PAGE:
"Social engineering is the biggest threat to the enterprise, without a doubt," MacDougall said after his call. "I see all these [chief security officers] that spend all this money on firewalls and stuff, and they spend zero dollars on awareness."

MacDougall would know: The security firm he runs, Tactical Intelligence in Nova Scotia, specializes in a broad range of corporate espionage defense services. He regularly conducts social-engineering audits for clients, calling their employees to see what sensitive data he can extract.

In his view, it's a battle everyone is losing. MacDougall picks his victims carefully. Sales employees are a favorite target: "As soon as they think there's money, common sense goes out the window."

When asked about the "hack," Wal-Mart (WMT, Fortune 500) said it views MacDougall's exploit as a cautionary tale.

"We take the safeguarding of our business information very seriously and we're disappointed some basic information was shared," Wal-Mart spokesman Dan Fogleman told CNNMoney.

"When you're in the customer service business, sometimes our people can be a bit too helpful, as was the case here," he said. "We emphasize techniques to avoid social engineering attacks in our training programs. We will be looking carefully at what took place and learn all we can from it in order to better protect our business."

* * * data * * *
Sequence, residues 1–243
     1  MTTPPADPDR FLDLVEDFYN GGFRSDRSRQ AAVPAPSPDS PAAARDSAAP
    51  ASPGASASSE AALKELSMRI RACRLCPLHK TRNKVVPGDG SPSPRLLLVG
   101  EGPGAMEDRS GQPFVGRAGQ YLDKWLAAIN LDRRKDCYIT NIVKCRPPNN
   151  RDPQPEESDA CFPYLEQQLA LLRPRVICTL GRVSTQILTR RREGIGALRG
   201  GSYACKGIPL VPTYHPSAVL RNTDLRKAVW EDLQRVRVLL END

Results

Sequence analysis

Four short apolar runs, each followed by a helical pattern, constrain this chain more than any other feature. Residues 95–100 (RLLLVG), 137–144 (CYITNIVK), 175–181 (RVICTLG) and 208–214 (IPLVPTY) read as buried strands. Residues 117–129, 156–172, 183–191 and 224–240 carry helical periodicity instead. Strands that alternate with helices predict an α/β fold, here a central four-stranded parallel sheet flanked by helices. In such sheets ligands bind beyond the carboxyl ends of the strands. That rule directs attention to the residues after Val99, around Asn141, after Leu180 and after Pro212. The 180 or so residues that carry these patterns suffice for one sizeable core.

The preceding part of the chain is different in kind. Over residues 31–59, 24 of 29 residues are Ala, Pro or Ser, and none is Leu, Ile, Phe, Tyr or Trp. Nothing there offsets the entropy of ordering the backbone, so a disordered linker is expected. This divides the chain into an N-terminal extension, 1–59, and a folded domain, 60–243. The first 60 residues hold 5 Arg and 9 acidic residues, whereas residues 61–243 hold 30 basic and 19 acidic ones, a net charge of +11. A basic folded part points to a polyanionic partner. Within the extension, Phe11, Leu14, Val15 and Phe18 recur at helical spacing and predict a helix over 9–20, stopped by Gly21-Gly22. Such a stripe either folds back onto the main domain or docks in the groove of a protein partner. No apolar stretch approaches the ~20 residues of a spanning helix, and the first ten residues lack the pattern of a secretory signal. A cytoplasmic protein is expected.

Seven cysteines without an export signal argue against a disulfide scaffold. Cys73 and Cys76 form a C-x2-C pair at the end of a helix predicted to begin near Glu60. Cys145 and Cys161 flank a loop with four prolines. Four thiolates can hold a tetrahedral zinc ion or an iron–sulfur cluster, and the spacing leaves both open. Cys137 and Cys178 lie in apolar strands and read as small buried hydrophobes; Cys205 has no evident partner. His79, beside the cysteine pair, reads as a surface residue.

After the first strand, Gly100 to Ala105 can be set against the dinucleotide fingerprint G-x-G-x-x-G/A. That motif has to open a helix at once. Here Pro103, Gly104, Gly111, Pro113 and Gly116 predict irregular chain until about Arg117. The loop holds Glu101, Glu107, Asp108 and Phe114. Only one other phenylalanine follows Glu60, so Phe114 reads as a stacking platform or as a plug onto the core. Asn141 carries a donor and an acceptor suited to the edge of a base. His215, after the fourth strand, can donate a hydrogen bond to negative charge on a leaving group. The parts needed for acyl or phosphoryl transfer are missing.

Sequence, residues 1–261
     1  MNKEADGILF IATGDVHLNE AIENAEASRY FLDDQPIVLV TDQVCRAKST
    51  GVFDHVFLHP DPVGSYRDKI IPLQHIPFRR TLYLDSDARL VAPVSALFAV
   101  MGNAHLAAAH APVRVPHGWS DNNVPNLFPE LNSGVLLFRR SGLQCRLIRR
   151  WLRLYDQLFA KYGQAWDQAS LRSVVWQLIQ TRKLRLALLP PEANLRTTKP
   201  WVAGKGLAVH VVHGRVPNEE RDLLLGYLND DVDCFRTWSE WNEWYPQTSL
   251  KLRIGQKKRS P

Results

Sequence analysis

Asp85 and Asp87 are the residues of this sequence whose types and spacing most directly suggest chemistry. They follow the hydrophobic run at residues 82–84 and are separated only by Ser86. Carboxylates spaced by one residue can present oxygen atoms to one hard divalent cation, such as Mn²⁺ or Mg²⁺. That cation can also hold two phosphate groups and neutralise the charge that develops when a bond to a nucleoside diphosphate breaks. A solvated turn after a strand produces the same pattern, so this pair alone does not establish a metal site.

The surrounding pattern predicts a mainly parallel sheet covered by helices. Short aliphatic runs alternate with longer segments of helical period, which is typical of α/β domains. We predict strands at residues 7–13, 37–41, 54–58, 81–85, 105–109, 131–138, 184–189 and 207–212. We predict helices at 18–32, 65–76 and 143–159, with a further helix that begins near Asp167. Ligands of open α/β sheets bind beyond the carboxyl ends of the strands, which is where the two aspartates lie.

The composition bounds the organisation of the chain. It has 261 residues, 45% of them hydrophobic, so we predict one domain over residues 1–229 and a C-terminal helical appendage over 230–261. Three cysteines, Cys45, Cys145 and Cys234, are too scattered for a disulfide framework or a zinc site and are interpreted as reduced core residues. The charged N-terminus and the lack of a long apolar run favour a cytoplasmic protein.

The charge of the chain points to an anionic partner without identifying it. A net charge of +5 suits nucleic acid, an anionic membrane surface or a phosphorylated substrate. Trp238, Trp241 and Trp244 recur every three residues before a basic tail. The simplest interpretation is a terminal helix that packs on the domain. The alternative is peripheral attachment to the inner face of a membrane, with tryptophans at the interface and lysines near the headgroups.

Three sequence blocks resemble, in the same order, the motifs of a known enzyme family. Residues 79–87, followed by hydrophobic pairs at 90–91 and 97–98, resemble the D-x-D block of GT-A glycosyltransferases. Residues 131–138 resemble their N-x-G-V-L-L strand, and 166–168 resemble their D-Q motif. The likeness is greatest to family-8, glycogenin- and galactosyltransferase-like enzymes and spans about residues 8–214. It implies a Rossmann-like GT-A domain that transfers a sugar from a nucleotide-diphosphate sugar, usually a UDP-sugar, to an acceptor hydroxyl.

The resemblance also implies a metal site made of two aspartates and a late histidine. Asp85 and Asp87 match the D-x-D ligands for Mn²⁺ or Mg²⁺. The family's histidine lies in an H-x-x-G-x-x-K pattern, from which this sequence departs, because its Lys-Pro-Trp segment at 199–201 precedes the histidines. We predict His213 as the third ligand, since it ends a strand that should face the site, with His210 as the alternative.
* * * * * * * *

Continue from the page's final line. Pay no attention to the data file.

But Wal-Mart is not alone. Defcon's game takes aim at a different set of major corporations each year. This year's target list had nine other companies: UPS (NYSE), Verizon (VZ, Fortune 500), FedEx (FDX, Fortune 500), Shell, Exxon Mobil (XOM, Fortune 500), Target (TGT, Fortune 500), Cisco (CSCO, Fortune 500), Hewlett-Packard (HPQ, Fortune 500) and AT&T (T, Fortune 500).

Every single one gave up at least a few of the data points competitors sought.

"A lot of the attacks we saw this weekend could have been thwarted just by critical thinking," contest organizer Chris Hadnagy said toward the end of the showdown. "We need to train people that it's ok to say 'no.'"

Defcon's contestants are given two weeks to "passively" research their targets and gather any information they can get online. The best competitors come prepared with thick dossiers of background gathered from corporate sites and social networks like LinkedIn.

Then they have 20 minutes at the show to make phone calls. Live ... while an audience watches.

The information they're seeking from their targets includes sensitive corporate details like what e-mail software they use and the name of the outside contractor that cleans their office. Contestants don't ask for dangerously personal information like passwords, Social Security numbers or customer data.